Just beyond Rio’s beaches lies hedonism of a different beat, discovers Stanley Stewart
BRAZILIANS are to a good time what the English are to queuing or the Italians are to overtaking at speed on the hard shoulder while chatting on the mobile and eating an ice-cream. They are naturals. They are party people, fanatics about festivity, connoisseurs of letting it all hang out. We have all watched Brazilian fans at the World Cup, partying while the rest of the world bellows, dancing the samba while the opposition shake their fists at the referee.
Rio is Brazil’s ultimate party town. It not only stages the most outrageous carnival in the world, it has the best New Year’s Eve party, attended by up to a million samba-dancing ravers on Copacabana Beach. I am going out for a night on the town. I have my flip-flops, my linen shirt, my baggy shorts. How wrong could things go if I simply try to blend in?
Someone has given me Ricardo’s number. On the phone he enthuses about the nightlife in the old Lapa district of central Rio. He offers to show me around. So now we are driving along the Avenida Atlantica with the top down, past the great sweep of Copacabana Beach. Out on the sands, young men in Speedo briefs are doing impossible things with footballs while girls in buttock-baring thongs — known here as fio dental, or dental floss — stroll arm in arm against a setting sun.
It is impossible not to love Rio and it is not just the shapely bottoms. The moment you see it from the plane, nestled into its glorious bays, your heart misses a beat. Cariocas, as the inhabitants of Rio are called, go to the beach the way the English go to the pub. Everywhere you look in Rio there are people in swimsuits. It feels like a city on permanent holiday.
In Rio the nightlife options are manifold, from indoor discos in Ipanema and Leblona and outdoor discos on the Morro da Urca to ladies in feathers at the Churrascaria Plataforma and ladies without feathers in Leme. But Lapa, Ricardo insists, is the place to be.
Lapa is 20 minutes and 200 years away from the beaches of Copacabana. Lapa is old Rio, built in the 18th century, Rio before the beaches and the tourists and the international fame. By the 1920s and 30s, Lapa had a reputation as South America’s Montmartre, a bohemian quarter with a liberal mix of low life and high living. Samba was Lapa’s soundtrack.
It came to an end in the 1940s when the government clamped down on the low life bit. Lapa’s decline was further hastened by the flight of the middle classes to security-conscious suburbs, and then by the rise of beach culture that drew visitors and cariocas away from the centre to Copacabana and Ipanema. Distracted by rock and disco, young people stopped listening to samba and Lapa became a run-down inner city problem.
Sixty years on, samba is trendy again, as are forro and chorinho and pagode and myriad other forms of traditional Brazilian music. Young people have abandoned the sterility of rave music for the funky dance music of their roots. In Lapa, home to some of the great samba names of the past, music clubs have sprung up. After 50 years of neglect, Lapa is buzzing again and the neighbourhood is gradually being transformed.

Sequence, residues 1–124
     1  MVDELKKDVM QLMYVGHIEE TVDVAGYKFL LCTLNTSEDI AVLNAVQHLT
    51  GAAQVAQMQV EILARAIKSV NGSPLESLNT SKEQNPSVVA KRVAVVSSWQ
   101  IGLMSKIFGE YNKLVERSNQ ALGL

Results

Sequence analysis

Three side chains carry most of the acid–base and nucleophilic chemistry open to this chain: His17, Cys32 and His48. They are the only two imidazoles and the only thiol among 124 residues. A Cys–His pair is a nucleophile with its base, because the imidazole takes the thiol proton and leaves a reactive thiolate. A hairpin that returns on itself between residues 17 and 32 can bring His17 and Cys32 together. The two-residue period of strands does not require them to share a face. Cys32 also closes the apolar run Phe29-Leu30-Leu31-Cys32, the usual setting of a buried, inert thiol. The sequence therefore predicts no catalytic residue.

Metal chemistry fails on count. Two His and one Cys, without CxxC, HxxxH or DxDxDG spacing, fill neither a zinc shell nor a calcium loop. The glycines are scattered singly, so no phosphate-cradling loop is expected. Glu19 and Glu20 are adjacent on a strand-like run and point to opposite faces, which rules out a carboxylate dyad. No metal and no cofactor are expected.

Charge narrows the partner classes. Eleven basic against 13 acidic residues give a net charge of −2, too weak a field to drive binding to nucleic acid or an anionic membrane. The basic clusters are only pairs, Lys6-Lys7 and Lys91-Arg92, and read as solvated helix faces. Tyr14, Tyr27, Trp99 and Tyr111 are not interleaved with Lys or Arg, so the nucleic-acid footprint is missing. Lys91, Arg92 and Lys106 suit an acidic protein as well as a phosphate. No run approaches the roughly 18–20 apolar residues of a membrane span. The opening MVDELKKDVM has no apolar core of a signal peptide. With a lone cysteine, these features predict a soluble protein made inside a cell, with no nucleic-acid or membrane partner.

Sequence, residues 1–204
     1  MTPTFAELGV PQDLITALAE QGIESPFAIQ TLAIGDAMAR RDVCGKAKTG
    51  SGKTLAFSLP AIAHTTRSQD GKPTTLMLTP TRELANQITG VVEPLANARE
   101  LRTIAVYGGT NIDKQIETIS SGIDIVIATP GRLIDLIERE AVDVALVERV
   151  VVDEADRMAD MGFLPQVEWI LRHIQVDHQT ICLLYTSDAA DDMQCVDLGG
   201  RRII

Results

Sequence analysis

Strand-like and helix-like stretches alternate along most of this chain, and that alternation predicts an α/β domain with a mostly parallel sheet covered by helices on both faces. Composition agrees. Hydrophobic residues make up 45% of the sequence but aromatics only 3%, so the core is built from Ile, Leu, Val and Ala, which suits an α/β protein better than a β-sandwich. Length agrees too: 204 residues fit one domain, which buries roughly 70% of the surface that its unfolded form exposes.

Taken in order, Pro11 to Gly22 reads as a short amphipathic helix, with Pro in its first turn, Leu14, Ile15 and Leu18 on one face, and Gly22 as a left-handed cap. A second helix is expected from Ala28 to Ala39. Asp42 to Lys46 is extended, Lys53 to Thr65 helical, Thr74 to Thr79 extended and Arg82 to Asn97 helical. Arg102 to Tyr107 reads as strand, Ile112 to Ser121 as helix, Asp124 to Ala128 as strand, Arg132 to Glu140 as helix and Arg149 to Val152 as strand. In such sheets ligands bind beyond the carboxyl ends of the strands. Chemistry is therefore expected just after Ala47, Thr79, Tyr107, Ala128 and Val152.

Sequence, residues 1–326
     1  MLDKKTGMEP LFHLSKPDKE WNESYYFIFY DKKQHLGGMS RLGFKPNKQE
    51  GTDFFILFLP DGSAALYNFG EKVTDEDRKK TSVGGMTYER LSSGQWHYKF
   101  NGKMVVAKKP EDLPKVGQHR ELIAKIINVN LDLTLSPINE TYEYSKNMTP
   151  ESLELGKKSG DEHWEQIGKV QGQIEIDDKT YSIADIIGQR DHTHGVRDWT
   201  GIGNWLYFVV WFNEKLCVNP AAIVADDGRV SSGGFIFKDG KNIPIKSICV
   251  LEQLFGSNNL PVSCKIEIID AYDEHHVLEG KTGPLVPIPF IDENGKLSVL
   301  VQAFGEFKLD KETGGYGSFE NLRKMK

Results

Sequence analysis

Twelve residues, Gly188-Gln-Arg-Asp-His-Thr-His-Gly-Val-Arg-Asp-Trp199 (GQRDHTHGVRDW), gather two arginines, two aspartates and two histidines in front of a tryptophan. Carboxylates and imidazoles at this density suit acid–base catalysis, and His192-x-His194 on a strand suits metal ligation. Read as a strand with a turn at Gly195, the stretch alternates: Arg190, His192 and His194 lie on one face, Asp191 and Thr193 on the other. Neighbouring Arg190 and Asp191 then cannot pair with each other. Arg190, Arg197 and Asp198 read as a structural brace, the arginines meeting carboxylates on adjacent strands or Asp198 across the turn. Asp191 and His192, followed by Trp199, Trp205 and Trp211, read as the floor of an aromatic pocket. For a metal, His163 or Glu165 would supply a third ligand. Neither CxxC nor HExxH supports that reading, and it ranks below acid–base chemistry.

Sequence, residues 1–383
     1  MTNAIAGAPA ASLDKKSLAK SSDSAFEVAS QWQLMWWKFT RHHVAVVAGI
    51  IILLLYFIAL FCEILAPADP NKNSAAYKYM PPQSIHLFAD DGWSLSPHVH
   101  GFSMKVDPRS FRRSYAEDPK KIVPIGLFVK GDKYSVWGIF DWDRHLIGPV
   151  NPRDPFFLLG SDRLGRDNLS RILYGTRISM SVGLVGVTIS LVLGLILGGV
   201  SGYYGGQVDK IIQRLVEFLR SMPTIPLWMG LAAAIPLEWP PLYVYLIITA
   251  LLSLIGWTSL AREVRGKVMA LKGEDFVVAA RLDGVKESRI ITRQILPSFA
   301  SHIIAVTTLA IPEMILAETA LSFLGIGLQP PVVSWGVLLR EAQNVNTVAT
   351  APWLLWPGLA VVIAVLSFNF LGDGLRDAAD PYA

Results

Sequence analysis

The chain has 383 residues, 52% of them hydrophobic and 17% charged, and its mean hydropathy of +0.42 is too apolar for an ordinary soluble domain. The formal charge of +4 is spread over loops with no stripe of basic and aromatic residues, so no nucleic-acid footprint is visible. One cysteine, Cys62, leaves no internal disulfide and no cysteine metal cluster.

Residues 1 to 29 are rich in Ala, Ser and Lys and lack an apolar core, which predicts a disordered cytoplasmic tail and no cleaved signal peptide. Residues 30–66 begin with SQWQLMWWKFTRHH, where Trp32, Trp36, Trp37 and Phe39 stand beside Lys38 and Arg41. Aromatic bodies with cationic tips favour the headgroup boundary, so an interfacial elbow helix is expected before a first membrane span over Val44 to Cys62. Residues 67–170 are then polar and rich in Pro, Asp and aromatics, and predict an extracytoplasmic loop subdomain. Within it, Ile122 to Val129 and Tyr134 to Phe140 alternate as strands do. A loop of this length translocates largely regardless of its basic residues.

But what I love about Lapa is how little it is transformed. In London’s Hoxton, or in New York’s Meatpacking District, gentrification has a way of sucking out the original atmosphere, leaving only a kind of self-parody, turning everything that moves into a steel and waxed-wood sofa bar with aproned waiters and goat’s cheese salad. In Lapa, the vibe of the old dilapidated neighbourhood is indomitable.
We cross a square where the statue of a forgotten Portuguese hero, his shoulders spattered with guano, presides over a dusty garden. Around his feet old women making lace have colonised the benches. Men in sleeveless vests sit on the kerbs drinking beer while girls in shorts dance to tunes from the radio in the doorway of a late-night tobacconist. Mouldering colonial man- sions look as if they have not been occupied since mutton-chop whiskers were in style. Shutters hang off their hinges. One of the mansions is Rio Scenarium, unusual only in that all the lights are on. A pioneer in transforming Lapa’s fortunes in the mid- ’ 90s, it sprawls over three floors. Crowded with vintage junk, from Bakelite radios to ’ 50s mannequins, it doubles as a film prop store. On the ground floor, a samba band is pumping it out to a crowd of liquid-limbed dancers. Punters gaze down from galleries on the floors above while on all sides packed tables fill the great cavernous spaces of what was once one of Rio’s grandest houses.
Nothing really prepares you for a dance floor of Brazilians in full swing. In Brazil everyone dances as if they were the love child of John Travolta and a Vegas lap dancer. It is not just that they are brilliant, that they seem to have joints other people lack, that their sense for complex rhythms is astonishing, that they swim through the music like dolphins through a clear sea,
Moving with the times: Dancing and Rio go hand in hand, from the city’s nightclubs and outdoor discos to the outrageous annual Carnival; nothing really prepares you for a dance floor of Brazilians in full swing